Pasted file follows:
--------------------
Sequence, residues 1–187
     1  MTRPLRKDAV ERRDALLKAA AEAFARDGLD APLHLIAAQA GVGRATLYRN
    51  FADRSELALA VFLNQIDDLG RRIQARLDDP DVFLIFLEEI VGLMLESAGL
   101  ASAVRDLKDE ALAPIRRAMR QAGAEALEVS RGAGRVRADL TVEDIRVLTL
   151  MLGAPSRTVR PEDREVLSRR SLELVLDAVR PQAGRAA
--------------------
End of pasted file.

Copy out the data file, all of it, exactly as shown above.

Sequence, residues 1–187
     1  MTRPLRKDAV ERRDALLKAA AEAFARDGLD APLHLIAAQA GVGRATLYRN
    51  FADRSELALA VFLNQIDDLG RRIQARLDDP DVFLIFLEEI VGLMLESAGL
   101  ASAVRDLKDE ALAPIRRAMR QAGAEALEVS RGAGRVRADL TVEDIRVLTL
   151  MLGAPSRTVR PEDREVLSRR SLELVLDAVR PQAGRAA